Fermenting carrots is a wonderful way to preserve them for long term storage. Through the process of fermentation, the flavor transforms, yet the carrots keep their delightful crunch. These fermented dill garlic carrot pickles make a great dill pickle replacement for picnics and barbeques.Â
Yield: 1 quart jar
- 1 lb. fresh carrots
- 4 cloves garlic, crushed
- 1-2 sprigs of fresh dillÂ
Optional for spice: 1 jalapeno (or hotter pepper of choice), sliced into quarters
Read more: Check out these 10 tips for getting started with fermentation.
- 1 tbsp coarse kosher salt, dissolved in 2 cups water
Wash and scrub carrots, trim off the ends. No need to peelâ€”the skin on the carrots will aid in the fermentation process.
Lay a clean, quart-size canning jar horizontal next to the carrots. Cut carrots so that they fit in the jar vertically, while leaving 2 inches of headspace (space from top of carrots to the rim of the jar).
It is preferable to use thin to medium-sized carrots, though if your carrots are thick then you can halve or quarter them lengthwise. Try to use carrots uniform in size so they ferment evenly.
To pack the jar, begin by adding the dill and garlic to the bottom. Then proceed to add the carrots, carefully fitting them in as snug as possible, without bruising or breaking them. If you are adding hot peppers to this ferment, add them within the carrots.
Once the jar is completely filled with carrots, pour the brine mixture over the produce until the brine covers the carrots by at least 1/2 inch. Leave at least 1 inch of headspace so the ferment has room to bubble without overflowing.Â
If you have a small fermentation jar weight, add it to the jar to hold down the produce under the brine. Remove any small pieces of food that float up to the top of the brine. Anything above the brine will increase the risk of mold and a spoiled ferment.
Wipe off the rim of the jar with a clean, dampened towel. Add the canning jar lid and tightly screw on the ring.
This recipe for fermented dill garlic carrot pickles is a seven-to-10-day ferment. Ferment at room temperature, ideally between 60-75 degrees F (15-23 degrees C), and keep out of direct sunlight.
Check on the ferment daily to make sure the brine covers all the produce. If any produce has floated above the brine level, use a clean utensil to push it back below the brine.Â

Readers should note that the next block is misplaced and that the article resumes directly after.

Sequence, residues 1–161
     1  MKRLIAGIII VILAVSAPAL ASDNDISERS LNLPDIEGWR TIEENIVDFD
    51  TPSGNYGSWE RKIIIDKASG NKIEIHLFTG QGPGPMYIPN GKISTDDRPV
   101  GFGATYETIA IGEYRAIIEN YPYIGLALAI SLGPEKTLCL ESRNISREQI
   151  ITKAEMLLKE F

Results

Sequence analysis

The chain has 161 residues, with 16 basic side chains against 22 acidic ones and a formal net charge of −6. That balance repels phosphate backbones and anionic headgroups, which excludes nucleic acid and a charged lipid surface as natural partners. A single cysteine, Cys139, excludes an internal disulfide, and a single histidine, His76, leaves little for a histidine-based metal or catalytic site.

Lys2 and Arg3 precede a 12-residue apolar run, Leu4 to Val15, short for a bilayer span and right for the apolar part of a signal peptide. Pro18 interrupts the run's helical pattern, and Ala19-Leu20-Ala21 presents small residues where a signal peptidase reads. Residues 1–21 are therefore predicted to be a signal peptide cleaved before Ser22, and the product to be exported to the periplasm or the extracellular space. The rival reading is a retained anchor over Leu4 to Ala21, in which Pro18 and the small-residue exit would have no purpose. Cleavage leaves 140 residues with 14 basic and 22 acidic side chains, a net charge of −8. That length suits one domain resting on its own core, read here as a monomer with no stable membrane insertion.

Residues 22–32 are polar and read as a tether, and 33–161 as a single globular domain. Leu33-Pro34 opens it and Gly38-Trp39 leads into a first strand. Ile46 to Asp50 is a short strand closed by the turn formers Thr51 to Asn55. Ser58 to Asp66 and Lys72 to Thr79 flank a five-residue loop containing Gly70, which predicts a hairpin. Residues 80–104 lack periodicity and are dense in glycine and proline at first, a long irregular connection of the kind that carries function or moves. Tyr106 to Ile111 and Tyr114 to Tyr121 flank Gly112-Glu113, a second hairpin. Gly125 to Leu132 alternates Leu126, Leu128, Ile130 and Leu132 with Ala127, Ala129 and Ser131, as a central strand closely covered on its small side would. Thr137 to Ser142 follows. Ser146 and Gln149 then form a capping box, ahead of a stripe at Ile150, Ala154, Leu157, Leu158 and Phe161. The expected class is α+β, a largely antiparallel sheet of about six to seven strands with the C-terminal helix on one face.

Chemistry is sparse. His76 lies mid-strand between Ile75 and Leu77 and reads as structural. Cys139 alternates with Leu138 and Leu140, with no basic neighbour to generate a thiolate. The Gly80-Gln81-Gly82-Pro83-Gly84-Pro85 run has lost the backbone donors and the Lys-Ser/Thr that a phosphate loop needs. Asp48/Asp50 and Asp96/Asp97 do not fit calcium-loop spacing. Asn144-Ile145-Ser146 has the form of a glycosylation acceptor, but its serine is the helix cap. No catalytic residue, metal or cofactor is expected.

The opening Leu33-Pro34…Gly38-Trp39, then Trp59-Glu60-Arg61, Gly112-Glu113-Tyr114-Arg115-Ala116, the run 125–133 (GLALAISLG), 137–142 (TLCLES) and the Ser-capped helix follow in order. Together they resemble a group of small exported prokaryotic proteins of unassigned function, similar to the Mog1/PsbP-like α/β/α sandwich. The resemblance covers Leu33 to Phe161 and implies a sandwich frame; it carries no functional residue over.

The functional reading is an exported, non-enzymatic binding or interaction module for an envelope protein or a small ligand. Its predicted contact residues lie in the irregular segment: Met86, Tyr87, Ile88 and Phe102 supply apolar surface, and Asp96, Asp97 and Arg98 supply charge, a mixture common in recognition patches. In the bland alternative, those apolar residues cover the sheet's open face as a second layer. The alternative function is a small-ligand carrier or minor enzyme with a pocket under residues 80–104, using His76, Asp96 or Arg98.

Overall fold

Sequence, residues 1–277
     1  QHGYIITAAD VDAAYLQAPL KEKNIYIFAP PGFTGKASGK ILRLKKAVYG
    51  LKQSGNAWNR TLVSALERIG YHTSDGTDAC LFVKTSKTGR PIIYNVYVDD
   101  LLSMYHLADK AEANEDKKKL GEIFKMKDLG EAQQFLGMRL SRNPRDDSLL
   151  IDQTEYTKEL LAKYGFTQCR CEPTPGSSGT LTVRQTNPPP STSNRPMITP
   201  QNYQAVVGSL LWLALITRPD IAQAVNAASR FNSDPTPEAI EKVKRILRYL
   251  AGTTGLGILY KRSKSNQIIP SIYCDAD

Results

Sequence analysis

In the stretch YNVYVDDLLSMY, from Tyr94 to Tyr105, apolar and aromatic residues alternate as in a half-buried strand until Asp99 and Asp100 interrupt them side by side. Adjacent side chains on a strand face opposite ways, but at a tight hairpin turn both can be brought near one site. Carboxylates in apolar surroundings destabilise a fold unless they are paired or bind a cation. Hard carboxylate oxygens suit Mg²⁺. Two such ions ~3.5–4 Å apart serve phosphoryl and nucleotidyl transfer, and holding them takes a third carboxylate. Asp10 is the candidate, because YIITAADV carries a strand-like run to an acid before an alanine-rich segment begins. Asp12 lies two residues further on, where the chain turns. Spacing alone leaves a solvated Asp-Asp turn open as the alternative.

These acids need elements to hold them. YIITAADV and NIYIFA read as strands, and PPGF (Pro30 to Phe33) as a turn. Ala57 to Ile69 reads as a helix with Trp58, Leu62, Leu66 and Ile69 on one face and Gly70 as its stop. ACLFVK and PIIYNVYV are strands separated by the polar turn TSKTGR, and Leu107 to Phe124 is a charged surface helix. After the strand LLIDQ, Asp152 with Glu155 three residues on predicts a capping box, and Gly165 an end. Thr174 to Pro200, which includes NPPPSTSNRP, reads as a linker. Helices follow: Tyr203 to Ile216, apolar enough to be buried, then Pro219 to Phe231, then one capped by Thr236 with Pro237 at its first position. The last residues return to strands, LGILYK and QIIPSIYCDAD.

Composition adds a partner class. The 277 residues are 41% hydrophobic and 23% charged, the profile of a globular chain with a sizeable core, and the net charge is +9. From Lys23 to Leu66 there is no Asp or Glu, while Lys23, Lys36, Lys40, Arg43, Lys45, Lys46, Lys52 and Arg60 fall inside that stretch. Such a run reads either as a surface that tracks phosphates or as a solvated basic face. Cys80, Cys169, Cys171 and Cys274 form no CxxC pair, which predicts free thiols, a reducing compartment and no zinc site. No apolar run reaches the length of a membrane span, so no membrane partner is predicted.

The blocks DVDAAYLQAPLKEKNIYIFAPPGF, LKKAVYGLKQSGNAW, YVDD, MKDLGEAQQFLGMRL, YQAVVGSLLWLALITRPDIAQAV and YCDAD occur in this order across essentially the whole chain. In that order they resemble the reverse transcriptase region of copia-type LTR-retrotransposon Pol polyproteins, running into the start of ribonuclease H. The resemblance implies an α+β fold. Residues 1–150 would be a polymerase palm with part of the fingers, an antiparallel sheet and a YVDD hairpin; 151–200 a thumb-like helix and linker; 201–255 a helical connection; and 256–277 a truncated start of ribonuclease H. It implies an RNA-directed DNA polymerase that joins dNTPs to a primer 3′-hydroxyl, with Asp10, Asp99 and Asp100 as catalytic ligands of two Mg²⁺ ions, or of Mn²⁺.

Burp the jar daily. Unscrew the lid briefly and tighten it back on to allow any built-up gas to release. (This avoids possible jar breakage or the ferment from overflowing, too.)
Once fermentation is complete, transfer the jar into the refrigerator, brine and all.
Fermentation does not stop once the ferment is transferred to the refrigerator. However it does slow the process way down. The taste and texture of your fermented dill garlic carrot pickles will continue to change, therefore this ferment is best enjoyed within 12 months.
Read more: These fermented asparagus pickles are a dilly delight!
If you do not have a glass jar weight, you can improvise by using an easily removable small food-grade glass dish that fits inside the jar. Or, if you have a smaller glass canning jar that can fit into the mouth of the jar you are fermenting with, you can use that to keep the produce pushed under the brine.
If you are unsure if your water is safe for fermentation, you can boil it and allow it to cool to room temperature before stirring in the salt to make your brine.
You may substitute fine sea salt instead of coarse kosher salt if you prefer. The measurement will remain the same for this recipe.
Consider adding additional herbs to change the flavor of the pickles. Pack them in the bottom of the jar, under the carrots, to assist in holding them down under the brine.
Through fermentation, the brine will become cloudy. You may also see white sediment appear at the bottom of the jar or on the carrots. These are normal parts of the fermentation process.
Kahm yeast is common with this recipe, so be sure to watch it carefully. This yeast is a completely safe reaction that is common with high sugar ferments, though itâ€™s avoidable if you keep the produce submerged and catch it early.
Kahm yeast is visually different than mold in that it is not fuzzy. Rather, it is powdery and appears more as a film on the top of a ferment. If caught early, it can be removed by scooping it out with a spoon or dabbing it out of the ferment with a paper towel.
If the yeast takes over the ferment, however, it may change the overall flavor of the fermented dill garlic carrot pickles. Though not harmful, it is not pleasing to most.
Check out Stephanie’s books, including Can It & Ferment It, for more fermentation recipes!